The US Supreme Court on Thursday left the Section 230 protections for social media untouched.
The high court made the decision to keep in place the legal liability shield that protects the tech giants from being held legally responsible for what users post in an unsigned order on Thursday.
The Supreme Court will send the case back to a lower court, CNBC reported.
The Supreme Court declined to address the legal liability shield that protects tech platforms from being held responsible for their users’ posts, the court said in an unsigned opinion Thursday.
The decision leaves in place, for now, a broad liability shield that protects companies like Twitter, Meta’s Facebook and Instagram as well as Google’s YouTube from being held liable for their users’ speech on their platforms.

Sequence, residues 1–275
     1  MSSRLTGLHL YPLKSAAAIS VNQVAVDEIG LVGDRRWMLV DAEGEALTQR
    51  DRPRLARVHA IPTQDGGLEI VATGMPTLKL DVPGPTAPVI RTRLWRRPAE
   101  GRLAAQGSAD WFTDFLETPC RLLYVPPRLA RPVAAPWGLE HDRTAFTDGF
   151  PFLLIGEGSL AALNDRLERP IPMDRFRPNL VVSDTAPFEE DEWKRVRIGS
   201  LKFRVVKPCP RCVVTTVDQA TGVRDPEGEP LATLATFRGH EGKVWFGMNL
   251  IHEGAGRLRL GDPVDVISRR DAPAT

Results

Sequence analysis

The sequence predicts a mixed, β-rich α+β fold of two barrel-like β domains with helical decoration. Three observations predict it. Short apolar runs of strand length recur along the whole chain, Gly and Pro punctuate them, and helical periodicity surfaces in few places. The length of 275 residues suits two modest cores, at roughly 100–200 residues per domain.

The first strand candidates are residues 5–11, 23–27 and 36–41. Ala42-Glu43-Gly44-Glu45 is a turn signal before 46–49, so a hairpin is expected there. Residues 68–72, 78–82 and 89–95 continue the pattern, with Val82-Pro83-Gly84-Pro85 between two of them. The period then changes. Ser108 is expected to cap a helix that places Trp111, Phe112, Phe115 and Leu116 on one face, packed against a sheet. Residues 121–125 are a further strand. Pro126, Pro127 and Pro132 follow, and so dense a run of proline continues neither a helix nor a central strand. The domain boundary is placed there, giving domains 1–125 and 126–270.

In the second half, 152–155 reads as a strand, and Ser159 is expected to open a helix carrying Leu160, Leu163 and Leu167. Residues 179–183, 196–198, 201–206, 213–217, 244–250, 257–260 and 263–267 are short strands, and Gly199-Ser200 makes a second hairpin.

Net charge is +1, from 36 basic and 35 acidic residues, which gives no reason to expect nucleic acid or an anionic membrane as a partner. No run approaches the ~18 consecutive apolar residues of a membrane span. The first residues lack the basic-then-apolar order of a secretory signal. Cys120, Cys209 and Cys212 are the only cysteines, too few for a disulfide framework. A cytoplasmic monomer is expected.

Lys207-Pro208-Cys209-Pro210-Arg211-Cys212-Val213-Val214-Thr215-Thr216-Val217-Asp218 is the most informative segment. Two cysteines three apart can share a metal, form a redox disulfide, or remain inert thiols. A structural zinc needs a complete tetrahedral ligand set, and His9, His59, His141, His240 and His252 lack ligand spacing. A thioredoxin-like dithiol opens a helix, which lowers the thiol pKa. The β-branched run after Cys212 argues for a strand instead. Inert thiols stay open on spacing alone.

The court’s decisions in these cases will serve as a big sigh of relief for tech platforms for now, but many members of Congress are still itching to reform the legal liability shield.
In the case, Gonzalez v. Google, the court said it would “decline to address the application” of Section 230 of the Communications Decency Act, the law that protects platforms from their users’ speech and also allows the services to moderate or remove users’ posts. The court said it made that decision because the complaint “appears to state little, if any, plausible claim for relief.”